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While the social layer is clearly beneficial to developers to help increase engagement, we mustn’t mistake Facebook’s involvement as being altruistic. After all, it is a public company and has multiple masters to serve, including advertisers, so as Facebook becomes more integrated into more mobile apps, it’ll be harnessing the necessary data about those users in order to help grow its Audience Network. But in order for this to be realized, Facebook needs to maintain its distance from Parse and let it run unabated and any interference.

To that extent, Parse has certainly flourished and while it’s owned by Facebook, Sukhar took to the f8 stage to deliver a keynote that didn’t directly mention its parent company, but focused on developer needs. Among those announcements include lower prices, improved analytics, and a new offline capabilities.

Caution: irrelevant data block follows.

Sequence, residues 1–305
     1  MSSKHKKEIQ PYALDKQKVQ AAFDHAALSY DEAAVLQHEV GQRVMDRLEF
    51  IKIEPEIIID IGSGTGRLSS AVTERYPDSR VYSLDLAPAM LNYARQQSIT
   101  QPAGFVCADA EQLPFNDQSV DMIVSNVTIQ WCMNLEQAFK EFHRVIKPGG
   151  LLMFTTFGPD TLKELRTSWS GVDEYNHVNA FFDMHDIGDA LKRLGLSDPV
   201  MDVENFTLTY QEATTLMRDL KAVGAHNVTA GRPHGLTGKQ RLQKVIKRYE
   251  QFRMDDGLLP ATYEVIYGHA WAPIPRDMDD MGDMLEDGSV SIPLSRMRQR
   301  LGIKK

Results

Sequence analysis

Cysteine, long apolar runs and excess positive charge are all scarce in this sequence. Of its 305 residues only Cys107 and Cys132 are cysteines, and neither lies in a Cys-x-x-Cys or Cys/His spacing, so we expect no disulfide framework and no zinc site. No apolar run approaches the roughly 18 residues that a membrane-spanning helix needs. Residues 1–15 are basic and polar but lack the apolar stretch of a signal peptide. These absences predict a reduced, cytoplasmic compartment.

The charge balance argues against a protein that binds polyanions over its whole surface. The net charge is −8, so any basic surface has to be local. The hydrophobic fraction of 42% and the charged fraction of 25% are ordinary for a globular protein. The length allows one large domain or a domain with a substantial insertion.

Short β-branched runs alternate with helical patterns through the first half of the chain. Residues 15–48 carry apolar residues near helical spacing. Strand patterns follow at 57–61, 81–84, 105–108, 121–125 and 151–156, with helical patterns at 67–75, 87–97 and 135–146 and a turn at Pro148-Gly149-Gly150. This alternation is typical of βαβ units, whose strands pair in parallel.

Reinventing Facebook Home, with the help of Parse

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Facebook Home may have had some promise a year ago, but it has largely been discontinued. Many of its features, like Chat Heads and Cover Screen have been added to the company’s existing apps. But is there a chance that Parse could play a role in the unofficial revival of Home? In June, Facebook’s Director of Developer Relations Doug Purdy, said that one of the key areas of focus is the company’s app services offering. He explained that this is an area where Facebook hoped to help developers build cross-platform experiences so that the focus became all about the people, not the devices — again, Parse could play an integral part of that.